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P-54  A proposal for hospices to collaborate on information and knowledge support
  1. Celia Di Cicco1,2
  1. 1Princess Alice Hospice, Esher, UK
  2. 2CILIP, Chartered Institute of Library and Information Professionals


Background and aims Hospice libraries are often small with limited budgets. Most employ one part-time staff member or are run solely by volunteers, however, demand for information support in organisations that strive for evidence-based practice is high. Hospice clinicians need to identify relevant research and appraise it effectively. Hospice librarians need to provide the right support to their users to facilitate the required outcome of highly skilled healthcare professionals that stay current, appraise research appropriately and drive evidence-based practice.

Changes in copyright law and advances in technology mean that it has never been easier to share resources and communicate nationally. While the healthcare sector struggles with increased demand and static financial support, hospice libraries will be required to leverage their resources as much as possible.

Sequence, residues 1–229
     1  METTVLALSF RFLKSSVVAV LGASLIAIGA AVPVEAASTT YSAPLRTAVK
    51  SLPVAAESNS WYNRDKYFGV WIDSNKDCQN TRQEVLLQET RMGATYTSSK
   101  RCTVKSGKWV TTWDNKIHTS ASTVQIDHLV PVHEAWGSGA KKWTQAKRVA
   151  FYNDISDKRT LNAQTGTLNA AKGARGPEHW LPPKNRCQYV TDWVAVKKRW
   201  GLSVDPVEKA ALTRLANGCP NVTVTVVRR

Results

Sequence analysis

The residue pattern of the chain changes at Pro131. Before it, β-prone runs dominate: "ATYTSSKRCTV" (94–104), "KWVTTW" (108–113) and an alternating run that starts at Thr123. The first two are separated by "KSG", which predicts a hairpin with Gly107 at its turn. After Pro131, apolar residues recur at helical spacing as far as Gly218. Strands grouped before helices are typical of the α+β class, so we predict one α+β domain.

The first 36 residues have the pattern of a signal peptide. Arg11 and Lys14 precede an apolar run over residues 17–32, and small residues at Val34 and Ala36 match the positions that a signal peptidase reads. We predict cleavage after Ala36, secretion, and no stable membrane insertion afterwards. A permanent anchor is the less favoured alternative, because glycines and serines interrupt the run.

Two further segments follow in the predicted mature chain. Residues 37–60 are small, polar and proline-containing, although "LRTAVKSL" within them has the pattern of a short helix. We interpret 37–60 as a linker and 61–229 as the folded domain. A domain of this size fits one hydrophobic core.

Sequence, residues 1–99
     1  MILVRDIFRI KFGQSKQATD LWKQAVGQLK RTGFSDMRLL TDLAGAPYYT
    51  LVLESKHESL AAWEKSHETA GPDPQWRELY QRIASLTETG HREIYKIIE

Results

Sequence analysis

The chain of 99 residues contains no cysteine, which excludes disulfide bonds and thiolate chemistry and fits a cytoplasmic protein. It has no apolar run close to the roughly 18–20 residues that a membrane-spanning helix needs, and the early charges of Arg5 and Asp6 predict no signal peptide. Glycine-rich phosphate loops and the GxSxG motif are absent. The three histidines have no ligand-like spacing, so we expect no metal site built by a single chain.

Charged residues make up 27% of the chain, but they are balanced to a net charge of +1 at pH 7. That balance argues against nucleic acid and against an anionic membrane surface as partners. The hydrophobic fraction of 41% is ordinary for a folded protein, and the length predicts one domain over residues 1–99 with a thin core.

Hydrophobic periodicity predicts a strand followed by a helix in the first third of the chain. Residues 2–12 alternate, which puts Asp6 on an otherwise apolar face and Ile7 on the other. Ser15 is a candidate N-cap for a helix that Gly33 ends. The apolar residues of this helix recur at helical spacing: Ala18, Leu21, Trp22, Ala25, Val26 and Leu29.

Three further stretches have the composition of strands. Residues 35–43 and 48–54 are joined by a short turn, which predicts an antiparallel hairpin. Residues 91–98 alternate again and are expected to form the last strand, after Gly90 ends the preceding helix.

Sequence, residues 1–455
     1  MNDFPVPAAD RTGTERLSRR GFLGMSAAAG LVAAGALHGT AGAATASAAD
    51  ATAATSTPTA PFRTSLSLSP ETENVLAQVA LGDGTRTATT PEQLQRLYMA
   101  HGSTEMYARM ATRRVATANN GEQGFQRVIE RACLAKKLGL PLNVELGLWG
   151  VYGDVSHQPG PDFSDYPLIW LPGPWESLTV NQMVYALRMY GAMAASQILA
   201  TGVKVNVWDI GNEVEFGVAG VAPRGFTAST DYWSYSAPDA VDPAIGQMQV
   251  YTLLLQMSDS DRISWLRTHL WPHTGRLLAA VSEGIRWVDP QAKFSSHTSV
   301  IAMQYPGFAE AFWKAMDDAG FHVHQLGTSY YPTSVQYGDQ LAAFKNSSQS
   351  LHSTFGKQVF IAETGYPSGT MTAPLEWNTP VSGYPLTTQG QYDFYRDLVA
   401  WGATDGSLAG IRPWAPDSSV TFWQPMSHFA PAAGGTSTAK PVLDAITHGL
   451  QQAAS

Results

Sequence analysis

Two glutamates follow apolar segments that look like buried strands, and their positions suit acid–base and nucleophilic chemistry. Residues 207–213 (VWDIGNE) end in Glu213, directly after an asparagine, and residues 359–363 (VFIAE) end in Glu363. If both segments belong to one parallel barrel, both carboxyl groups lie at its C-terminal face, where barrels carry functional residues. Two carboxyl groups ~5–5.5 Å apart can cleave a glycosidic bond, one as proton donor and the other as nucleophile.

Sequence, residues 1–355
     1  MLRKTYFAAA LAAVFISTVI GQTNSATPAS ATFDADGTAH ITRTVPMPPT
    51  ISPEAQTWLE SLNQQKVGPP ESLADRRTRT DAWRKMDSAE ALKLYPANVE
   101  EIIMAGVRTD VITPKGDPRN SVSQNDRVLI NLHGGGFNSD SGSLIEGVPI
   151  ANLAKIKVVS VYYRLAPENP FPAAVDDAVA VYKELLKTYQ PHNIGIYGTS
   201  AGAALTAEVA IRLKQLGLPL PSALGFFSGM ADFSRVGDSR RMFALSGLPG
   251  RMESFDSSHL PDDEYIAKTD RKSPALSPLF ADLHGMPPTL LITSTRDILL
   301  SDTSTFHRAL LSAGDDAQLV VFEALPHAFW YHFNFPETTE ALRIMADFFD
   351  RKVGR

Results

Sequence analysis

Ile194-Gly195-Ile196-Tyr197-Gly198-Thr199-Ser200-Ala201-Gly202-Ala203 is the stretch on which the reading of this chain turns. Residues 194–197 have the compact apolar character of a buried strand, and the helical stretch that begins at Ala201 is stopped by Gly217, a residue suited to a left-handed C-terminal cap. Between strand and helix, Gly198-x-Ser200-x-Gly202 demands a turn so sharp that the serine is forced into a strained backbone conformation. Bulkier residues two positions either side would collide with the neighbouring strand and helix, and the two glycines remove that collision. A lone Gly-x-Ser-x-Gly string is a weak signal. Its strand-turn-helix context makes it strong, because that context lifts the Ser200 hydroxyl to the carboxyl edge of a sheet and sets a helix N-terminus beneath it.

Methods and results By working together, hospices could maintain their knowledge and information services at an acceptable level and within budgetary constraints. It is proposed that hospices collaborate and share: journal articles; current awareness services; acquisitions lists; online information skills training; and journal club support. A range of resources have already been produced by a large hospice and additional information and tools from participating hospices could be pooled in an online information hub. Email and phone support could be coordinated by the initiating hospice, with particular emphasis placed on supporting the hospice library staff and volunteers already in place all around the country.

Service evaluation and impact would be monitored using website usage reports and statistics on the type and number of phone and email enquiries received. A whole sample online survey would further evaluate the service proposition. Usage statistics and online survey responses would be analysed annually to further develop the service.

This is an Open Access article distributed in accordance with the Creative Commons Attribution Non Commercial (CC BY-NC 4.0) license, which permits others to distribute, remix, adapt, build upon this work noncommercially, and license their derivative works on different terms, provided the original work is properly cited and the use is non-commercial. See:

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